Complete Pending Agreements
Free Trade Agreements are one of the best routes to accomplishing our goals. The United States currently has FTAs with seventeen countries and (excluding our crude oil imports) we maintain a trade surplus with those economies. Building on this trading system is essential. President Obama's delay in submitting the Colombia, Panama, and South Korea agreements to Congress for implementation has already inflicted injury on our GDP and our job market.
Mitt Romney will press for their immediate ratification and ensure that Congress has the opportunity to vote on them unencumbered by other issues, such as TAA, that require independent consideration.
Pursue New Agreements with Trade Promotion Authority
American presidents should be invested with Trade Promotion Authority that gives them the power to conclude trade agreements and submit them for up-or-down votes in Congress. Otherwise, even the most carefully negotiated trade agreement can become laden with so much congressional meddling on behalf of
special interests that the other parties to the agreement refuse to sign on. Trade Promotion Authority lapsed toward the end of President Bush's second term. Tellingly, with trade a low priority for him, President Obama has not sought its renewal. As president, Mitt Romney will ask Congress to restore that authority.
A president invested with Trade Promotion Authority could explore the possibility of agreements with dynamic emerging economies such as Brazil and India. Though such agreements would be a significant challenge to negotiate and conclude, the economic benefits would be substantial. Similarly, an agreement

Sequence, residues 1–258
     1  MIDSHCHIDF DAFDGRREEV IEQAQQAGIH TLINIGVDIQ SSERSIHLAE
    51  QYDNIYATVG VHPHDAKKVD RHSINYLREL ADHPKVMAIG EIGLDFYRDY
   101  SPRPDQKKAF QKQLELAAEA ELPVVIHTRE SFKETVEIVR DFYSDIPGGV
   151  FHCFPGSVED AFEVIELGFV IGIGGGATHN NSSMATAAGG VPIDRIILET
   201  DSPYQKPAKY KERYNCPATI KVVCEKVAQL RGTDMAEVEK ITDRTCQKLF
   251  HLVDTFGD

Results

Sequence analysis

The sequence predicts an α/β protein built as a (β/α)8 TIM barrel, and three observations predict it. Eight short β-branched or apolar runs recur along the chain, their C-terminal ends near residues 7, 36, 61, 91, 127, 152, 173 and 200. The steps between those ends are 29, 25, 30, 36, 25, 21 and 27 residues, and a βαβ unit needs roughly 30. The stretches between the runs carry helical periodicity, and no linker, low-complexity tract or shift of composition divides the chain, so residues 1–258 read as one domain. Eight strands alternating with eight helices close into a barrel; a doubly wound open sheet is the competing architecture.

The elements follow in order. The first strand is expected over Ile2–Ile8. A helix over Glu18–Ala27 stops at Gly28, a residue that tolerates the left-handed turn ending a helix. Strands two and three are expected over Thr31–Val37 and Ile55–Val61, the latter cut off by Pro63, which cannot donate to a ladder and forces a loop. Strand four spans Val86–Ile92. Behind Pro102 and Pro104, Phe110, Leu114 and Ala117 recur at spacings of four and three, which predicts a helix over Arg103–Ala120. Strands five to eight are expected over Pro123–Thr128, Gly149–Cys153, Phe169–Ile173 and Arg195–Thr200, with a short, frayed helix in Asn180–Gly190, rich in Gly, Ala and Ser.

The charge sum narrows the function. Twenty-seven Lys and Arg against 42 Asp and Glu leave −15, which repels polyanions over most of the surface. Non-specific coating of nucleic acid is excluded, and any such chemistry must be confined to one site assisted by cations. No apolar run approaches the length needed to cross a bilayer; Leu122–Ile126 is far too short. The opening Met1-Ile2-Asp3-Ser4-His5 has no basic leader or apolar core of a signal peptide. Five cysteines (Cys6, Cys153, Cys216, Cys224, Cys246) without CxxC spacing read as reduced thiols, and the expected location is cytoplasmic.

with the European Union would be an enormously complex challenge, but a united Europe is a natural partner for such a venture, and the benefits would be large: perhaps approaching $200 billion in GDP growth for the United States and Europe combined. Even incremental expansion of the European-American trading relationship would yield tremendous economic dividends.
The Trans-Pacific Partnership also remains critically important. Such an agreement would open U.S. access to the rapidly expanding Malaysian and Vietnamese markets, provide a dramatic geopolitical and economic bulwark against China, and serve as both a foundation from which to promote the opening of markets throughout Asia and a template for future multilateral agreements.
If the Obama administration stalls the TPP in the run-up to the 2012 election, a Romney administration will move to complete negotiations at the earliest possible date.
Create Reagan Economic Zone
But we can hardly rest there, for there is an opportunity to pursue a game-changing multilateral agreement among like-minded nations genuinely committed to the principles of open markets. As president, Mitt Romney will pursue the formation of a "Reagan Economic Zone." This zone would codify the principles
of free trade at the international level and place the issues now hindering trade in services and intellectual property, crucial to American prosperity and that of other developed nations, at the center of the discussion.
Such a partnership would be extraordinarily attractive to most developed nations, and to those developing nations that have embraced free enterprise and open markets. With membership open to any nation willing to abide by the rules, two primary U.S. objectives would be fulfilled. First, as the most open and innovative
economies came together, the dynamism of the resulting economic zone would serve as a powerful magnet, drawing in an expanding circle of countries willing to abide by the rules in exchange for greater access to one another's markets. At the same time, it would also serve as a mechanism for confronting nations that violated trade rules while free-riding on the international system. Creating a large open market, and excluding countries that failed to respect the rule of law, would prevent cheaters from prospering and provide a major incentive for them to reform.